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# independent identically distributed

Two random variables $X$ and $Y$ are said to be *identically distributed* if they are defined on the same probability space $(\Omega,\mathcal{F},P)$, and the distribution function $F_{X}$ of $X$ and the distribution function $F_{Y}$ of $Y$ are the same: $F_{X}=F_{Y}$. When $X$ and $Y$ are identically distributed, we write $X\stackrel{d}{=}Y$.

A set of random variables $X_{i}$, $i$ in some index set $I$, is identically distributed if $X_{i}\stackrel{d}{=}X_{j}$ for every pair $i,j\in I$.

A collection of random variables $X_{i}$ ($i\in I$) is said to be *independent identically distributed*, if the $X_{i}$’s are identically distributed, and mutually independent (every finite subfamily of $X_{i}$ is independent). This is often abbreviated as *iid*.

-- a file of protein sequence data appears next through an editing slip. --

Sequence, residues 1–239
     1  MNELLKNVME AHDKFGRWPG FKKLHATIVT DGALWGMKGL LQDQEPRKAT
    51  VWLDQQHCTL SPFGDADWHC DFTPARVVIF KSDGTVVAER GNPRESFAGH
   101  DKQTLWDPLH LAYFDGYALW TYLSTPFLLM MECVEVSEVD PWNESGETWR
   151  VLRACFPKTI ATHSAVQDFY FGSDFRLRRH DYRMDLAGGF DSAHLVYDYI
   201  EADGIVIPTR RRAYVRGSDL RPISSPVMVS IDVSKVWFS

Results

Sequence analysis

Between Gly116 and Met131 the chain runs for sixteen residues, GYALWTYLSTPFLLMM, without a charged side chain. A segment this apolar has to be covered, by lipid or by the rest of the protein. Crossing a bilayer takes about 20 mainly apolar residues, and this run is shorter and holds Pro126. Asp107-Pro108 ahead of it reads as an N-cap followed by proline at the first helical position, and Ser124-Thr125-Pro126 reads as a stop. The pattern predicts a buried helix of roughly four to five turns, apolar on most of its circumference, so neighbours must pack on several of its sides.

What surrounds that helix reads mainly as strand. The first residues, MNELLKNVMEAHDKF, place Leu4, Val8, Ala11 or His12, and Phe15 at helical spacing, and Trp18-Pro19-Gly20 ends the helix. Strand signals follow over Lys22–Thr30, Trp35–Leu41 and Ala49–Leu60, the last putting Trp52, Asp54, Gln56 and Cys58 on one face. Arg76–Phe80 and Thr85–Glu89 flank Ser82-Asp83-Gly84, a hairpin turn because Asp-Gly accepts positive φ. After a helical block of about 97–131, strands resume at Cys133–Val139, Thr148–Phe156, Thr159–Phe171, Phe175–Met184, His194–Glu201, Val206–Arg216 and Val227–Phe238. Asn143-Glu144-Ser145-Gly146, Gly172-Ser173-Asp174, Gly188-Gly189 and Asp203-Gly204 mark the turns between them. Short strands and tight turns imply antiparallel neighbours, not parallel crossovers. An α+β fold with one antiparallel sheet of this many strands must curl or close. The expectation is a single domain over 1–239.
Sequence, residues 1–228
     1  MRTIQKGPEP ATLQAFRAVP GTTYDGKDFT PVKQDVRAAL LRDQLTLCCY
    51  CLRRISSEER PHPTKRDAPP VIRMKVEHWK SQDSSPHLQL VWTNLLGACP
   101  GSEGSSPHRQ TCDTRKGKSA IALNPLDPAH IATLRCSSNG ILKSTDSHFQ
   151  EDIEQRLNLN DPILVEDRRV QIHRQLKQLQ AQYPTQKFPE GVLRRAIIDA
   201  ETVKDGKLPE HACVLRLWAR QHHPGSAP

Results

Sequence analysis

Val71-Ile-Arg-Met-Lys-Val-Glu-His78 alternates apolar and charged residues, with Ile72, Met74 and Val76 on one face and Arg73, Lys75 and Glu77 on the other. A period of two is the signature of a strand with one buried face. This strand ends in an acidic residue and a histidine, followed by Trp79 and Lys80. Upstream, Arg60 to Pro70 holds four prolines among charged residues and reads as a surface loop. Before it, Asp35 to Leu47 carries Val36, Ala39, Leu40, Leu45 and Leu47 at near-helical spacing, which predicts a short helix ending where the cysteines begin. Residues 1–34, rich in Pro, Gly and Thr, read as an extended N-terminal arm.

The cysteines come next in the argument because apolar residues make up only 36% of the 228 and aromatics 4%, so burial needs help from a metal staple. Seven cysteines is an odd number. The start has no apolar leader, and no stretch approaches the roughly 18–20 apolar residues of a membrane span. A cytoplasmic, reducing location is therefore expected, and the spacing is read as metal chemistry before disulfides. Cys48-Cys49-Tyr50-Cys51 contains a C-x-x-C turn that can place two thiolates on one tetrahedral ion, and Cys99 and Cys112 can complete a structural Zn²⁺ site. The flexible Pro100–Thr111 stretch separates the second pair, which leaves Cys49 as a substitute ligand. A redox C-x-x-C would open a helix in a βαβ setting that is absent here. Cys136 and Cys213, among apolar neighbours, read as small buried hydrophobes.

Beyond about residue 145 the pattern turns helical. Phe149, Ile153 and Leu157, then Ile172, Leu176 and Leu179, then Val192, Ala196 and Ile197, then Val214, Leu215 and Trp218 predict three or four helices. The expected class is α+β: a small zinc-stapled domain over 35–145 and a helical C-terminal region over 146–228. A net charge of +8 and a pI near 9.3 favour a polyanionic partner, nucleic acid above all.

For example, the interarrival times $T_{i}$ of a Poisson process of rate $\lambda$ are independent and each have an exponential distribution with mean $1/\lambda$, so the $T_{i}$ are independent identically distributed random variables.

Many other examples are found in statistics, where individual data points are often assumed to realizations of iid random variables.

## Mathematics Subject Classification

60-00*no label found*

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